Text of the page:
"Microbial Geographies at the Extremes of Life"

Salazar, Juan Francisco | from Multimedia Library Collection:

Salazar, Juan Francisco. “Microbial Geographies at the Extremes of Life.” Environmental Humanities 9, no. 2 (2017): 398-417. doi:10.1215/22011919-4215361.

This article explores world-making processes through which extreme frontiers of life are made habitable. Examining how notions of life are enlarged, incorporated, and appropriated in complex geopolitical contexts, the article argues that microbial worlds are becoming part of worlding processes and projects that further these frontiers. The emphasis on “microbial ontologies” is designed to draw attention to the increasing expediency of conceptualizing extreme earthly ecologies as analogues for other planetary worlds, as a way of tracing the relational trajectories of Antarctica and outer space, and to reflect on emerging modes of an extraterrestrial mode of thinking Earth. This article is informed by short-term ethnographic fieldwork in the Antarctic Peninsula with Chilean microbiologists engaged in the bioprospecting of extremophiles, to account for how extremophile organisms are made part of a market-driven search for bioactive components in areas highly sensitive to geopolitics at the same time as they become meaningful as proxies for extraterrestrial life. The article combines analysis, description, and fieldwork material, tracing the relational trajectories of Antarctica and outer space in very general terms and then discussing the intricacies of bioprospecting in Antarctica, where the question of who owns the microbial diversity existing outside of national territories remains ambiguous and contested. (Text from author’s abstract)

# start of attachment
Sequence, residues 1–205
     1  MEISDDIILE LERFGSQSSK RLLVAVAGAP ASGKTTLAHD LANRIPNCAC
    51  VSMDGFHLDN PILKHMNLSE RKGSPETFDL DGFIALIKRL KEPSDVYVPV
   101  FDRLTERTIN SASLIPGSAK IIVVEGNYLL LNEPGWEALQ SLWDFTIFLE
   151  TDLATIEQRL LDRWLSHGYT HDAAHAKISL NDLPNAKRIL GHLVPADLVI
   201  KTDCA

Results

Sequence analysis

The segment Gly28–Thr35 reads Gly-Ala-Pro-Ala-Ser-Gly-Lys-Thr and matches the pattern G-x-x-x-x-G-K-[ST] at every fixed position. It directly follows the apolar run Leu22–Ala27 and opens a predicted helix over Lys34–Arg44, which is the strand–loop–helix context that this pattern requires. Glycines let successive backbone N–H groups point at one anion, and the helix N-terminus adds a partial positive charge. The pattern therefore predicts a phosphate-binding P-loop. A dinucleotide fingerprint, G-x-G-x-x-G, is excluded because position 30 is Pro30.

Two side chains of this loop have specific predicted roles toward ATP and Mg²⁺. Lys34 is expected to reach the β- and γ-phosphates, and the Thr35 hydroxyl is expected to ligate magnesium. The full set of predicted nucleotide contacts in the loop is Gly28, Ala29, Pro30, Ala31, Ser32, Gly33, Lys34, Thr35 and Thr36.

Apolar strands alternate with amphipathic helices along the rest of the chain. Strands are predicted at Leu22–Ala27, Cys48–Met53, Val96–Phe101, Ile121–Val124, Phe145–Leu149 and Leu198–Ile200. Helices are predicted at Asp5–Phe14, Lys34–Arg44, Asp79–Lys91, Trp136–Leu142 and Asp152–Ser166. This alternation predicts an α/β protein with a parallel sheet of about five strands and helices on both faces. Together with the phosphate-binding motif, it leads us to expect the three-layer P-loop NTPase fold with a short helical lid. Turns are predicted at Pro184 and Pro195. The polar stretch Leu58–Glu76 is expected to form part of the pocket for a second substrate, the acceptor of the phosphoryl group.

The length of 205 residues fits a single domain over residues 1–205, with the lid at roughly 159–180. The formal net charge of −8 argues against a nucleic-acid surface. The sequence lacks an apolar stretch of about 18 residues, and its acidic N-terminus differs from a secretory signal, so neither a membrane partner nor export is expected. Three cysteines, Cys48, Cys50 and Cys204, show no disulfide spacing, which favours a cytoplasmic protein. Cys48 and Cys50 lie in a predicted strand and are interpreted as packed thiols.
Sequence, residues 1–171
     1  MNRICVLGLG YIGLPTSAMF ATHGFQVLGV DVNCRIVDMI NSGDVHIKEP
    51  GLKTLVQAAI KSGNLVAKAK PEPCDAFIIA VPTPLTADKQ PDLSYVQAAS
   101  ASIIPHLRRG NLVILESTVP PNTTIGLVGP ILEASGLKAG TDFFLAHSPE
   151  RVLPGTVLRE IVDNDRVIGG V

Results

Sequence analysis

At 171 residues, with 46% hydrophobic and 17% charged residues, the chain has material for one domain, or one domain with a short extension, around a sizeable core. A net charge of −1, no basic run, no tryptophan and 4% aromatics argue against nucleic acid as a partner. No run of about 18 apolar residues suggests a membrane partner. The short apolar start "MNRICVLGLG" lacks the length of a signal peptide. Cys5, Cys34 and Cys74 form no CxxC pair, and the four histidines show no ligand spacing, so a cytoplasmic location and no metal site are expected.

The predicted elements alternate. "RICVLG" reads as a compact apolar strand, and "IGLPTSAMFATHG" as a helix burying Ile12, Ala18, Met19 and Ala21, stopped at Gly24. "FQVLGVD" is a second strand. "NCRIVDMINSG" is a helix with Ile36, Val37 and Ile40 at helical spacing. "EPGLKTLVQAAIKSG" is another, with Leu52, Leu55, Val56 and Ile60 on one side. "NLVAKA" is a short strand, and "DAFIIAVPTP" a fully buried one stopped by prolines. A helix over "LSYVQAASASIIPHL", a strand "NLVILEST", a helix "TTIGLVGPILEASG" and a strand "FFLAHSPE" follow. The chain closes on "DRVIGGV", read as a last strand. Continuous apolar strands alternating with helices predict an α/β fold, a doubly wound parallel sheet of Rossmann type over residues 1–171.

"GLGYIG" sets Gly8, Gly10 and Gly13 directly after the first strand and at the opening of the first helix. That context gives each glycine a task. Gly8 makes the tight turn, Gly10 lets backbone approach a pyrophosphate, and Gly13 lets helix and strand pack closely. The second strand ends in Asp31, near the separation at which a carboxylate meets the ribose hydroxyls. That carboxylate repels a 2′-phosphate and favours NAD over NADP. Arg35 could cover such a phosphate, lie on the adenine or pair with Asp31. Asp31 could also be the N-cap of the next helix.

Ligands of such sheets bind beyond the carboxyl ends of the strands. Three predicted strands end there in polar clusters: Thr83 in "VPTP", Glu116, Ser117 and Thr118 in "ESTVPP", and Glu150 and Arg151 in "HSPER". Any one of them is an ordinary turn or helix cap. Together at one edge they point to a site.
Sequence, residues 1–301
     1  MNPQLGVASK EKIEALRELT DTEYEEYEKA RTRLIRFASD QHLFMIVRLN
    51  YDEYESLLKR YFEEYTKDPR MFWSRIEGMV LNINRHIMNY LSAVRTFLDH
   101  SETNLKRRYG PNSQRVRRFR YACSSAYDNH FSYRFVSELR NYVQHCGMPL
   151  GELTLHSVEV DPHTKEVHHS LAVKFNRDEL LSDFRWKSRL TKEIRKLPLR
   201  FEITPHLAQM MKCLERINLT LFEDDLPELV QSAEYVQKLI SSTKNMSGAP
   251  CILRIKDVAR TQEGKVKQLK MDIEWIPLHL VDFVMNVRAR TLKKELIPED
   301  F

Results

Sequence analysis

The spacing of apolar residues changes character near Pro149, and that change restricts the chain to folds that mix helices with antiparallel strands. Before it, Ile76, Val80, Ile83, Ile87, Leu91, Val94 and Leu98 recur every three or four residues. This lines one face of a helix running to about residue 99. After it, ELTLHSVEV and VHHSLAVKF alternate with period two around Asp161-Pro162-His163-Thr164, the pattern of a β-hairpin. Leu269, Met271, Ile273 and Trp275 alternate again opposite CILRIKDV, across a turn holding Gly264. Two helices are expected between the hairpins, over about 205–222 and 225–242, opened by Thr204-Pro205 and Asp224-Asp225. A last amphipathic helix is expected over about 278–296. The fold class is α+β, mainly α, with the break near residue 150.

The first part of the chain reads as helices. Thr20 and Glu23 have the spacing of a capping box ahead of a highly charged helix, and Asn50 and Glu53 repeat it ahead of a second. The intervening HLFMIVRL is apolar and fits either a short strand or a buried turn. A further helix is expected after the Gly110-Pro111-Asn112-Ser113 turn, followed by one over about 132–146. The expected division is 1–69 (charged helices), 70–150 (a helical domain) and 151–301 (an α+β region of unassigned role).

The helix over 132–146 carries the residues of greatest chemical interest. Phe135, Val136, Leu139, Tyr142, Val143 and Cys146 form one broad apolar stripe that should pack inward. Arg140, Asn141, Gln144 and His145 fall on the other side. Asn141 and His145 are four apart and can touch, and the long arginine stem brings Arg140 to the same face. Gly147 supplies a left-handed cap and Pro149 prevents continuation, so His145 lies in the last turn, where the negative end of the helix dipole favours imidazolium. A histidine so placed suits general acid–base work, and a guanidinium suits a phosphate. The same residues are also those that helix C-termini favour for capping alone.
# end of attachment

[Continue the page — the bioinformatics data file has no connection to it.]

© Juan Francisco Salazar 2017. Environmental Humanities is available online only and is published under a Creative Commons license (CC BY-NC-ND 3.0).